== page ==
than to use the referent itself. Rothenberg, J.
1989. The nature of modeling. In L.E. Widman,
K.A. Laparo N.R. Nielson, Eds., Artificial
intelligence, simulation and modeling. New York
Wiley
22
  • Modeling Heuristics
  • Ravindran, Phillips, and Solberg (1987)
  • Do not build a complicated model when a simple
    one will suffice.
  • Beware of molding the problem to fit the
    technique.
  • The deduction phase of modeling must be conducted
    rigorously.
  • Models should be validated prior to
    implementation.
  • A model should never be taken too literally.
  • A model should neither be pressed to do, nor
    criticized for failing to do, that for which it
    was never intended.
  • Beware of overselling a model.
  • Some of the primary benefits of modeling are
    associated with the process of developing the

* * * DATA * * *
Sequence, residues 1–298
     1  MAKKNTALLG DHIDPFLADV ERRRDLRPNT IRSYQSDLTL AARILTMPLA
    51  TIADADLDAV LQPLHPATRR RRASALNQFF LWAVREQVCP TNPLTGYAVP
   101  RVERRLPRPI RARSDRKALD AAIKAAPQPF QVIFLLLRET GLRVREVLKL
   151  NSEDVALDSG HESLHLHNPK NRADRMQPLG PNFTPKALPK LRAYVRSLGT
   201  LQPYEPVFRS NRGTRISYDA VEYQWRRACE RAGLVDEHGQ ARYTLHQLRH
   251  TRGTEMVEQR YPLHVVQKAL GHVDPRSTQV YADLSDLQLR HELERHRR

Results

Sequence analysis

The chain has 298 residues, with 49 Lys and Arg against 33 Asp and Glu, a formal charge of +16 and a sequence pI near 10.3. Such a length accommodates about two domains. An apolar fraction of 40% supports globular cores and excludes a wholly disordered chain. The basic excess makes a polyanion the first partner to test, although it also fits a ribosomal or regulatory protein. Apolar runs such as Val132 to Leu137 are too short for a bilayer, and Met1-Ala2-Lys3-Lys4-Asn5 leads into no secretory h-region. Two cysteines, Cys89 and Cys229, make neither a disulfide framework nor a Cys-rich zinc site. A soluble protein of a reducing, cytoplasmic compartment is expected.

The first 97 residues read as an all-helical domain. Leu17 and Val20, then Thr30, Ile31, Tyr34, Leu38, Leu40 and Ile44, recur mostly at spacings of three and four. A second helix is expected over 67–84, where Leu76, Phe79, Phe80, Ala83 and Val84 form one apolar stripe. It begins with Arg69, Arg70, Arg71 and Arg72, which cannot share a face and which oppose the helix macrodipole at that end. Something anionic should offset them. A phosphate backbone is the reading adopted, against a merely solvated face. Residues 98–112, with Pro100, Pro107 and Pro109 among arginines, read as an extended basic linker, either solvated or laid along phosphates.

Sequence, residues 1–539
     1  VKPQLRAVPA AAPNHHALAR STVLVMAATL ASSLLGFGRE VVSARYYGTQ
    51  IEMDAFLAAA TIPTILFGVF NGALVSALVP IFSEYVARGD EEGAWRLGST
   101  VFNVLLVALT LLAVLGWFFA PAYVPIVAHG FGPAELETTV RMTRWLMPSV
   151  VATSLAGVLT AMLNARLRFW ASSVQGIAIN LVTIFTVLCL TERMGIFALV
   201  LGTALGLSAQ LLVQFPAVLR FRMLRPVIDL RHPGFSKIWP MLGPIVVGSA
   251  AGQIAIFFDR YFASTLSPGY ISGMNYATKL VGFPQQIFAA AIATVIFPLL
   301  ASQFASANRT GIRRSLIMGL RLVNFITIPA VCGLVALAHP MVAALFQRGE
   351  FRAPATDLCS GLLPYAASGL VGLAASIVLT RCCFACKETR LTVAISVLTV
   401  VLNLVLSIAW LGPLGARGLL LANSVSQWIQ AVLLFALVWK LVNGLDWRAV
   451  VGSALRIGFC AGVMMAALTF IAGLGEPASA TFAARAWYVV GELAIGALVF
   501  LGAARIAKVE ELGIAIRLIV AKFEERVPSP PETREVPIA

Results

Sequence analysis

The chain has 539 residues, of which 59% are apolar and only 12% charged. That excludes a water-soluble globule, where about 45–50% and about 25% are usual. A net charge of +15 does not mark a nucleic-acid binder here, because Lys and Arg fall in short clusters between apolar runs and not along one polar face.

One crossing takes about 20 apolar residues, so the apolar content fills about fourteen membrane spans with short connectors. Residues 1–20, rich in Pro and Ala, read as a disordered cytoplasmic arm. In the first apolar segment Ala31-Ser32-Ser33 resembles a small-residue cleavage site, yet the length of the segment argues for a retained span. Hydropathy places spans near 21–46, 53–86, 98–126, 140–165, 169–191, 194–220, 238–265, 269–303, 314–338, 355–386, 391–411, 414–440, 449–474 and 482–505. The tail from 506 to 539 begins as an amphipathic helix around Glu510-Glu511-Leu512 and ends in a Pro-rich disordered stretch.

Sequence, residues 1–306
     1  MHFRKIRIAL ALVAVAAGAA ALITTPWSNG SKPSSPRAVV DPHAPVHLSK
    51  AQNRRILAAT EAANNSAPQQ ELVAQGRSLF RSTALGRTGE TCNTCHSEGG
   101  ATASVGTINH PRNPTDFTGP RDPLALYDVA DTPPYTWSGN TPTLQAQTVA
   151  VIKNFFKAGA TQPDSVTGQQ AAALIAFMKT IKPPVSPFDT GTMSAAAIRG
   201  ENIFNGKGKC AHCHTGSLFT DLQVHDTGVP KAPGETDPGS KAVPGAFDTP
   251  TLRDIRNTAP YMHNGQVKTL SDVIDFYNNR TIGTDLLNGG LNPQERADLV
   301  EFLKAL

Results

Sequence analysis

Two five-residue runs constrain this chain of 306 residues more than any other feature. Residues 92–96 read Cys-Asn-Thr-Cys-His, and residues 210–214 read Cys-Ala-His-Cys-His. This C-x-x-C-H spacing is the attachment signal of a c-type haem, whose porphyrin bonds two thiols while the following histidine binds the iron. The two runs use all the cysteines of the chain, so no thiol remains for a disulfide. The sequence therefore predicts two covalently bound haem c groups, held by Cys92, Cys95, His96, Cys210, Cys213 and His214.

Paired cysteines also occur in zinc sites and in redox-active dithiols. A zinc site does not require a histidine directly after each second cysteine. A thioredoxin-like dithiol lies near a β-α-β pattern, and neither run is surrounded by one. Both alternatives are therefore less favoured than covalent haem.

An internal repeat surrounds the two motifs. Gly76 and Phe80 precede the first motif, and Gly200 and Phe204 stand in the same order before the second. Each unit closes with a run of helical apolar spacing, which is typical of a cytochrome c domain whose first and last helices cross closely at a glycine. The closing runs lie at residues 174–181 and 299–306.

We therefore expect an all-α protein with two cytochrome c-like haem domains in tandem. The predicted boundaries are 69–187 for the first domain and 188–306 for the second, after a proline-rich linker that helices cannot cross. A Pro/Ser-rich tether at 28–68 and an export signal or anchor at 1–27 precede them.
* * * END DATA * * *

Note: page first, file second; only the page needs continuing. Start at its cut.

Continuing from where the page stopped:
model.
  • A model cannot be any better than the information
    that goes into it.
  • Models cannot replace decision makers.

23
Modeling Resources
  • Redish, E.F. and Smith K.A. 2008. Looking Beyond
    Content Skill Development for Engineers. Journal
    of Engineering Education Special Issue,
  • Smith, K.A., Starfield, A.M. 1993. Building
    models to solve problems. In J.H. Clarke A.W.
    Biddle, (Eds.), Teaching critical thinking
    Reports from across the curriculum. Englewood
    Cliffs, NJ Prentice-Hall, 254-263.
  • Smith, K.A. 1993. Designing a first year
    engineering course. In Mark E. Schlesinger
    Donald E. Mikkola (Eds.), Design Education in
    Metallurgical and Materials Engineering,
    Warrendale, PA The Minerals, Metals, and
    Materials Society, 59-73.
  • Smith, K.A., Wassyng, A. and Starfield, A.M.
    1983. Development of a systematic problem solving
    course An alternative to the use of case
    studies. In L.P. Grayson and J.M. Biedenbach
    (Eds.), Proceedings Thirteenth Annual Frontiers
    in Education Conference, Worcester, MA,
    Washington IEEE/ASEE, 42-46
  • Starfield, A.M., Smith, K.A., and Bleloch, A.
    1994. How to model it Problem solving for the
    computer age. Revised Edition - software added.
    Edina Interaction Book Company.